Lender-Paid Mortgage Insurance (LPMI)

by Elena Romanova on February 20, 2008

Lender-Paid Mortgage Insurance (LPMI) is one of the ways, along with the Piggyback loan, to avoid the notorious conventional Private Mortgage Insurance (PMI) if you borrow more than 80% of the purchase price while buying yourself a home.

To be perfectly honest, you, as the borrower, are the one to pay this insurance anyway. The amount the lender pays as insurance premiums is charged on to you through a higher interest rate on your mortgage. The difference lies in how the amount of your monthly payments towards the insurance is determined. Technically, the lender shops for the insurer himself, but unlike PMI, in the case of LPMI he is interested to get a better deal with a lower insurance rate, as there is no referral involved and the resulting interest rate on his mortgage products has to be still competitive. Consequently, the borrower ends up with a higher interest rate on his mortgage, but does not have to pay private mortgage insurance. How good is that?

Both PMI and LPMI premiums are to be paid as long as the balance of the loan is above 80% of the purchase price of the mortgaged property. PMI makes the borrower pay higher premiums based on a higher insurance rate. These may be quite a burden, considering they come as an addition to the regular monthly payments towards the loan itself. LPMI, however, has a lower insurance rate and thus requires a lower payment from the lender, which he, in his turn, gets refunded from the borrower’s monthly payments based on a higher loan interest rate. The LPMI payments are easier on the borrower as the total monthly payment amount is lower compared to PMI and the borrower has only one loan to deal with. As soon as the marker of 80% is reached, however, PMI can be terminated in accordance with the corresponding rules and regulations, whereas LPMI cannot be terminated at the borrower’s request at all. The borrower is obliged to pay according to the high interest rate throughout the life of the mortgage, irrespective of the fact whether the lender is still paying insurance premiums or not. No obvious advantage to any of the insurances so far…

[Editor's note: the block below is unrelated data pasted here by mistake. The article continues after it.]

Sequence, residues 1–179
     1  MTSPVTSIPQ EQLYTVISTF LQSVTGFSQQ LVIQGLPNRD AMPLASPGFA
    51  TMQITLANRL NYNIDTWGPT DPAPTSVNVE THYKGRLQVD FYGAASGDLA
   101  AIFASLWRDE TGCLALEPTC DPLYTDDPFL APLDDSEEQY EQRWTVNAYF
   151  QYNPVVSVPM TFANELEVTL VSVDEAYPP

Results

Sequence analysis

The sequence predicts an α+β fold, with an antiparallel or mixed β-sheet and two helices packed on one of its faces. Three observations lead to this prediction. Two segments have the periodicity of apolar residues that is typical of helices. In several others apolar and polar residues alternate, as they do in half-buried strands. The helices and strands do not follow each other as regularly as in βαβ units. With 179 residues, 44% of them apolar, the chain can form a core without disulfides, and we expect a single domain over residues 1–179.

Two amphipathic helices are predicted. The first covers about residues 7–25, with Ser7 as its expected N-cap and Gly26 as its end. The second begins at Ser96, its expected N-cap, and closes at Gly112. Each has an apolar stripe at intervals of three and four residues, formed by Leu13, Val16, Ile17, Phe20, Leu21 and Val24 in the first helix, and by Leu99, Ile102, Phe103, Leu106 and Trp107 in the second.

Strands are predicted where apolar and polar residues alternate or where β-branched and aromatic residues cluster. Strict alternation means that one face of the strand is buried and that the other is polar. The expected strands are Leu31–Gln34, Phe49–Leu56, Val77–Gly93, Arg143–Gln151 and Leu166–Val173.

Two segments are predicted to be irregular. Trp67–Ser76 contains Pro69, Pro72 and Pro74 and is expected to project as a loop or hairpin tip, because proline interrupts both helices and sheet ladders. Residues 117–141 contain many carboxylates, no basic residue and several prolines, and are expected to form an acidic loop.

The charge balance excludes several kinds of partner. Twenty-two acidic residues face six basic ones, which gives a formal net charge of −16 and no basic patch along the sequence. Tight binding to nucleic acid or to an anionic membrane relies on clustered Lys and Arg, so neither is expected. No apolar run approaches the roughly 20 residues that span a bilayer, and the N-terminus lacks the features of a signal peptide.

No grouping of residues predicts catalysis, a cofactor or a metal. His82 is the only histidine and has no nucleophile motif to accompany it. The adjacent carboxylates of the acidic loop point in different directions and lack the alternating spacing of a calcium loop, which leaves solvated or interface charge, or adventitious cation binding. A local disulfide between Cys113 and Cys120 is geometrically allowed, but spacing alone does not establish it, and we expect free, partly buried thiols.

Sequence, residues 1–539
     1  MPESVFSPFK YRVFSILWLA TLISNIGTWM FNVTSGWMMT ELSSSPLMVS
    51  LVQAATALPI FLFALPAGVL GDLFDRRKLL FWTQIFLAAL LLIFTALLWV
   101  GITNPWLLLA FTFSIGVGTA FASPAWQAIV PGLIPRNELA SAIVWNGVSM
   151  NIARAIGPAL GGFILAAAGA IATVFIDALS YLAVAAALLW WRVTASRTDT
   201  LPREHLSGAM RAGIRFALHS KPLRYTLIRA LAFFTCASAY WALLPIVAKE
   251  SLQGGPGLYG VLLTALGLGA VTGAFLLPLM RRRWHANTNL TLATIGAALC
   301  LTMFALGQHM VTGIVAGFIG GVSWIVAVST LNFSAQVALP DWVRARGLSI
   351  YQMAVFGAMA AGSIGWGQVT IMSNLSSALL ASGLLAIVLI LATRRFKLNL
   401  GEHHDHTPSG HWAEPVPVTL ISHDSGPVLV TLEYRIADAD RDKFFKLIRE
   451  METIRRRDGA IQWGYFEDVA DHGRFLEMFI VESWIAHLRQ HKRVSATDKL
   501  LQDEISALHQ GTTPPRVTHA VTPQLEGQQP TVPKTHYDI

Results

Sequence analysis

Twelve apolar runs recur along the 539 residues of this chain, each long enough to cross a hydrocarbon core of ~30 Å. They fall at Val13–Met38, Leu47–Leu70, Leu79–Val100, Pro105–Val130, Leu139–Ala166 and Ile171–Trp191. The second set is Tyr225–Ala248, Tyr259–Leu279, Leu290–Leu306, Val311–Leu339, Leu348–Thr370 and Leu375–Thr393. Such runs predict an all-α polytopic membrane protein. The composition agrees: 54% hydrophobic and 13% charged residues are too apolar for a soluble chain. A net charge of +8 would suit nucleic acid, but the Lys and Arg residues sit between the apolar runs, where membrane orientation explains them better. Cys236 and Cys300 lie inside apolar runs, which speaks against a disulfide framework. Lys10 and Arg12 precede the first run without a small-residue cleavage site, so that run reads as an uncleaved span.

Until 2007 lender-paid mortgage insurance had had an obvious advantage – interest payments were tax deductible, whereas insurance premiums were not. Then Congress made insurance premiums deductible too, but only for insurances originated in 2007 by families within a certain income range (approximately from $50,000 to $100,000 per month). The interest payments are still deductible as they were. In fact, the higher the mortgage interest rate (as in the case of LPMI), the bigger tax return you can expect. There is no law about insurance premiums for the year of 2008 and on, yet, but there is a great probability, that Congress will extend the deductions.

It’s a tough choice to make, isn’t it? The overall benefit may be quite considerable or barely noticeable. There are a lot of other factors that influence the difference: how long you are going to stay in the property, if the property appreciates in the course of time, if you are planning refinancing and the cost of it, and what’s more important – if your credit score is good enough to qualify for lender-paid mortgage insurance at all.

In conclusion, my purpose here is to let you know, that such an option exists. Use a good calculator (here is one of them), study the documentation provided by several lenders thoroughly before you make your final decision. And don’t forget – there is also a piggyback (or 80/20) mortgage option.


The deduction of premiums on traditional borrower-paid mortgage insurance has been extended through 2010. Now it applies to mortgage insurance contracts issued from Jan. 1, 2007, through Dec. 31, 2009.

Further reading: